Category Archives: Comedy
It’s Saturday, it’s kind of yuck outside, and Pretty Clever Film Gal has a splitting headache. What to do, what to do? I think 3 Laurel and Hardy silents plus some hair of the dog should do the trick.
I’m pretty certain that these are all Hal Roach productions from 1928 or 1929, but I could be wrong and I’m too lazy to check at the moment. If you know better, by all means, lay it on me. Otherwise, just enjoy.
Now… sshhh! Read the rest of this entry
Happy birthday, Marion Davies. You would be 115 today, if you had taken really excellent care of yourself. TCM is partying it up for Marion’s birthday. Gene Zonarich of the excellent 11 East 14th Street recommends The Florodora Girl, Five and Ten, and Blondie of the Follies. Gene really knows his stuff, so we should listen to him.
In honor of Marion’s birthday, we’re all going to forget that whole William Randolph Hearst business. We’re definitely going to forget all those Orson Welles shenanigans. We’re especially going to stop wondering why wordpress.com suggested “Sarah Jessica Parker” would be appropriate tag for this post. Instead, we’re just going to enjoy Miss Davies for the fine actress she actually was.
- Marion Davies in Little Old New York (1923) (prettycleverfilms.com)
From Laurel and Hardy to Abbott and Costello to Cheech and Chong (yeah, I said it) – duos make the comedy world go ’round. And why not? You’ve got the yin and the yang, the clown and the straight man, the graceful and the inept – and you’ve got the very large and the very small. Physical dichotomies are just really, really funny and never more so than in the era of silent slapstick,when the visual was paramount. Take away a comedy duos ability to verbally spar, insert a prima facie visual pun, and you’ve got yourself a great comedy team. And was ever there a pair as physically disparate as Buster Keaton and Roscoe “Fatty” Arbuckle? Read the rest of this entry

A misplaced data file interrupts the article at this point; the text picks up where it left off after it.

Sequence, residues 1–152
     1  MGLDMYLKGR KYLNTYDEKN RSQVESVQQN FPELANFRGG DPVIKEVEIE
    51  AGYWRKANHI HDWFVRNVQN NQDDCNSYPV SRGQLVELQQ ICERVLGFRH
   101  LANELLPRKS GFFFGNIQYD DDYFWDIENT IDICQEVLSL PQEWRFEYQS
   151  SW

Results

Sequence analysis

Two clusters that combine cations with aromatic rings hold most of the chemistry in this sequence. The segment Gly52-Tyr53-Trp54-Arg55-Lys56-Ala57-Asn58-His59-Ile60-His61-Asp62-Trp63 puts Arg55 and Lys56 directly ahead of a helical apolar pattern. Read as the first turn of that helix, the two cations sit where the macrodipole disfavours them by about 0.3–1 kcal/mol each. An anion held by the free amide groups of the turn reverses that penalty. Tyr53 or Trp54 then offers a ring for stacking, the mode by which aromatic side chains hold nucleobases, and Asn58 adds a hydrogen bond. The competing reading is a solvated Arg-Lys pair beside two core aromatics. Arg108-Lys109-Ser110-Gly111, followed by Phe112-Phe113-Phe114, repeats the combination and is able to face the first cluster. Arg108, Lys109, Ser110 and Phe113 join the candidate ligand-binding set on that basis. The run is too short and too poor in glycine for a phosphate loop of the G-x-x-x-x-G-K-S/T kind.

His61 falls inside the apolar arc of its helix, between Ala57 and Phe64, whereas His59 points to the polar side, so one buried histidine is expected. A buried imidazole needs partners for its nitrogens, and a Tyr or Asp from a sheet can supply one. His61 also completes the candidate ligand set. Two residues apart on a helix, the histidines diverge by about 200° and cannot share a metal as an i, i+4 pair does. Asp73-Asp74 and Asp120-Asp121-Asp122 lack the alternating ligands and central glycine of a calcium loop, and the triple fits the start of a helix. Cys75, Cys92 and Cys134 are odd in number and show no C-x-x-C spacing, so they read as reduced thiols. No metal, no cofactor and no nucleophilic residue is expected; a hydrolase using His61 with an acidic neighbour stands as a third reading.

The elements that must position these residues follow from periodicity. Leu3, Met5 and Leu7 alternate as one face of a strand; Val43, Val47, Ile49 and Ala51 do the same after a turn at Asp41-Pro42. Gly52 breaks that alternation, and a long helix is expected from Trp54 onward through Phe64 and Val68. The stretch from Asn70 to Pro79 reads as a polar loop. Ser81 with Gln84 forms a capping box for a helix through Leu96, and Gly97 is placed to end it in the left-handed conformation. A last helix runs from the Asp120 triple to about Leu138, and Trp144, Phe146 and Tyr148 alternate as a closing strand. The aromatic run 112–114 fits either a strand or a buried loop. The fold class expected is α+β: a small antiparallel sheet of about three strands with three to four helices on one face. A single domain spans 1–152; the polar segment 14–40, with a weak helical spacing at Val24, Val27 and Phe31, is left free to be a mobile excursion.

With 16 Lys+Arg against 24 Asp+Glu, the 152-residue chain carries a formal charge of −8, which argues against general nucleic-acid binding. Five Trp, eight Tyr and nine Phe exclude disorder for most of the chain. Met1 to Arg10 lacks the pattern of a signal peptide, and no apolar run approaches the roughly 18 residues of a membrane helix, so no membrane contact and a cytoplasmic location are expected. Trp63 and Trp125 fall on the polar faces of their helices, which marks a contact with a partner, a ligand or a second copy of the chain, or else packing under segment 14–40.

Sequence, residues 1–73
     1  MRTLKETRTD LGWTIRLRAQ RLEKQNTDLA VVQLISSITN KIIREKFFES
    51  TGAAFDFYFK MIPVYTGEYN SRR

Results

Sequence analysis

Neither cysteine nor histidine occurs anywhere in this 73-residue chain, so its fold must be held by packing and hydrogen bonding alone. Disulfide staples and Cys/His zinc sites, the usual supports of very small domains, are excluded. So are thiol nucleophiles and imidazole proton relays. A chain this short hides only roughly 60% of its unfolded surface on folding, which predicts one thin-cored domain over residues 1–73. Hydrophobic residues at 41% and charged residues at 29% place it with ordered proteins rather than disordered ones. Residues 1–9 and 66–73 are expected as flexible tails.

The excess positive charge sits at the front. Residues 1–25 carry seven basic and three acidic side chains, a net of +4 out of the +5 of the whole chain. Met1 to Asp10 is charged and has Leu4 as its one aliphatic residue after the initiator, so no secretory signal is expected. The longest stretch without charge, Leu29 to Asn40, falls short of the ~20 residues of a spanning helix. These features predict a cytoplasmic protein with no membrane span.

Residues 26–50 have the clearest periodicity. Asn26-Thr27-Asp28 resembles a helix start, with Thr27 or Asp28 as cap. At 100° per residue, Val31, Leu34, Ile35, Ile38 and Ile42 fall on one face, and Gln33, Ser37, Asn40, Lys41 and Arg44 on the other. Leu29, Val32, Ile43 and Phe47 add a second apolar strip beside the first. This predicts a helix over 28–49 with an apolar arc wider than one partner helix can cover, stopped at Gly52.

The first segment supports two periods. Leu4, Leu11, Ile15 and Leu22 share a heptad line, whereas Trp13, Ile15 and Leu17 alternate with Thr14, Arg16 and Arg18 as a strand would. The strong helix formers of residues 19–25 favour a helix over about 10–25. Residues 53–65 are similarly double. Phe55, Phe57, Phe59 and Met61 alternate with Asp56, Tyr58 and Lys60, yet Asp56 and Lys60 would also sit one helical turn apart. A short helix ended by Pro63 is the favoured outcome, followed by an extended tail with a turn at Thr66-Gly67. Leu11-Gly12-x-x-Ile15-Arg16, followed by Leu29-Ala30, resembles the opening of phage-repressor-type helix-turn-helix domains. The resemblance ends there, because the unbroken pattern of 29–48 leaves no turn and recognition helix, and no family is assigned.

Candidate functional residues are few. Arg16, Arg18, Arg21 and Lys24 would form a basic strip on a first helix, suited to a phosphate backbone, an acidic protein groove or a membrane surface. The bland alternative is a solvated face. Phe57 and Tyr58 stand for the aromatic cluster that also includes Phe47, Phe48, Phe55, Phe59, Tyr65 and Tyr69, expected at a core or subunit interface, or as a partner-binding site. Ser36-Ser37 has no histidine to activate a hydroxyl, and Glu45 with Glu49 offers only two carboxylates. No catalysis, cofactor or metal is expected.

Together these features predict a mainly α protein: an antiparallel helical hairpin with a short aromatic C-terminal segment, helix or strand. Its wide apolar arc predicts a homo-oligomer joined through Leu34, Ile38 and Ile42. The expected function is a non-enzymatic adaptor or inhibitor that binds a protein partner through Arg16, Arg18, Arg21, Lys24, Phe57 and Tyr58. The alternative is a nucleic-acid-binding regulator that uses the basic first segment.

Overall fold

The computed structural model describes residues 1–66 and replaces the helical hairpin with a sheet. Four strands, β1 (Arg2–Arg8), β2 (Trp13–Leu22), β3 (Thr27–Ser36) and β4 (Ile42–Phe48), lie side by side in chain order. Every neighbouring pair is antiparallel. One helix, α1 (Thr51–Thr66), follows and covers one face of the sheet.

For some nice advertorial tie-in to the release of Moneyball, Time.com has a 25 Best Sports Movies of All-Time feature. And, lo-and-behold, Harol Lloyd’s 1925 classic comedy The Freshman is included! Now, I’m not so sure I would necessarily call The Freshman a sports movie, and I’m not so sure about Moneyball advertorial tie-ins, but I’m always happy to see Lloyd get much deserved recognition.
If you’ve never seen The Freshman, stop what you’re doing and go watch it. Or at least whet your appetite with this clip, and then rent the dvd from Netflix (Qwikster?) or buy it at Amazon.